Anyone know where I could find support groups (face to face) in the South Jersey area?

Welcome! As you soon find out there's no one cure or a fix all cure.

I find that therapeutic recreation is a great outlet for kids or ADHD it's self.

Find a local rec center and find out what programs are offered, there real big on swimming. Anything that gets her up and moving, unplug the tv and hold back the tablet when ever possible.

I think the meds is great, if you feel you can live without them them, that's okay. Learn more about ADHD and associated disorders and talk to your PCP or a therapist about the meds.

Welcome 😐

Hello, medication is a hard decision because as parents we want what we think is next without having to put them on medication. We struggled for years doing everything from holistic approach to every other kind of intervention. Nothing helped, we are still in trials of medication but are seeing results. My 6 year old has been on Focalin for almost 2 weeks. I wished it was something we tried sooner because now it’s a lot of bad habits we are trying to unravel and I believe if we would have started sooner he could have learned better control mechanisms.

You’re not alone, though many times it feels that way. That’s why we are all here, not only for information but support. It’s a long term struggle and finding what works is a roller coaster because one day something works then it’s a new challenge every bit of the way. Keep reaching out for your sanity and your family’s sanity get as many people on board with understanding your child better. I’ve had to exclude several people in my life that just weren’t open to getting it. Good luck to you ❤️

tara1982 profile image
tara1982 in reply to Niko2012

Thanks so much. Your line about having to exclude several people in your life that just aren't open to getting it, definitely hit home for us! I love my mom, but she's constantly on my case about my daughter. "Tara, maybe she needs more exercise." "Tara, she's just tired. She needs a nap." "tara, don't let her get away with that." It's to the point where it really soaks up every little bit of patience I have left. Right now, we're struggling with discipline and finding appropriate ways to have her know right from wrong. I've found that time outs don't work, they have the opposite effect. She'll just scream and cry and continue her meltdown. Instead, we've been using positive reinforcement and sensory objects to help with meltdowns. But my mom doesn't see that! She sees that I'm "letting her get away with it."

For sure getting more and more on board with medication now and continuing to do my research on it... and hopefully will find something that works for her.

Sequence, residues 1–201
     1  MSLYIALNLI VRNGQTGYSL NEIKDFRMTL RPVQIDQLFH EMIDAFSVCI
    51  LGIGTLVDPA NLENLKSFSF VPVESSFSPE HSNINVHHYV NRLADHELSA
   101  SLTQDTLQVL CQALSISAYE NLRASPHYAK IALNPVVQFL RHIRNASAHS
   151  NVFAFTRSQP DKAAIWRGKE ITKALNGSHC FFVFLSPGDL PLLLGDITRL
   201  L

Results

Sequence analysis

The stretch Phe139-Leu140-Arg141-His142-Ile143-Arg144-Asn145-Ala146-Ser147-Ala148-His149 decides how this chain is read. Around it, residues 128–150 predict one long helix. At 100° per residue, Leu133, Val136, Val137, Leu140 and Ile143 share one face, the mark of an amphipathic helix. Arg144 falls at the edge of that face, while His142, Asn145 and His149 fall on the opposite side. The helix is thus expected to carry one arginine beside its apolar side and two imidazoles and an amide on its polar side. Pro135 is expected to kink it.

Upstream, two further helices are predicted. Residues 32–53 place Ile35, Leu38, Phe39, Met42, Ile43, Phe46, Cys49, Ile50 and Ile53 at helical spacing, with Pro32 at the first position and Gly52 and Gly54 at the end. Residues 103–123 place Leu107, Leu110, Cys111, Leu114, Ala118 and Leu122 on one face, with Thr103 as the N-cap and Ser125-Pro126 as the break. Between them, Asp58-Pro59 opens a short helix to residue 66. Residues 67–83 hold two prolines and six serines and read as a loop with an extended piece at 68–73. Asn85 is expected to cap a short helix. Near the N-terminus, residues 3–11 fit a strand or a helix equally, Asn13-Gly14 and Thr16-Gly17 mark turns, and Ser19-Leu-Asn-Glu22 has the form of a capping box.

Niko2012 profile image
Niko2012 in reply to tara1982

It took my mom 6 years to get it, it’s sad to say but I had to let her know that if she wanted to continue having a relationship with my son she first needed to respect me as a parent and learn his diagnosis(she already raised her own so it was time for her to step out of being a mother to my son but step in the role of a grandmother)

It took a lot of struggling but she’s now in therapy herself,and learning how to better understand him and his needs.

Times are very different now especially with both parents having to work. So taking our parents out of their comfort zone of parenting in this day and age is very different.

As far as time outs, they don’t work as effective with ADHD children, what I do w my son is nurture him then once he is calm have him show me how he could handle it differently the next time then praise him for knowing how to make a grater choice.

I hope this was helpful, just know you’re not alone

Welcome! You've come to a good place, as I've gotten some wonderful information here and support! It's really hard going through this and even more hard if you don't have the support. I tell my friend all the time that I wish there was a support group for parents of kids with ADHD! (I'm thinking of starting one in my area). One of the greatest things about this forum is talking with others who understand what it is like dealing with the challenges of ADHD in children. I am *sort of* new to this as well. My 14-year-old son was diagnosed with inattentive ADHD about a year ago. I was homeschooling him for almost two years, no meds. He returned to traditional school Fall 2018 and it's been a struggle! We've gone through two meds with no success. I am hopeful we will find the right combination. Its a process! It won't happen overnight, but keep hope! You are doing the right thing-- keep seeking information! All my best to you and your precious son. 😊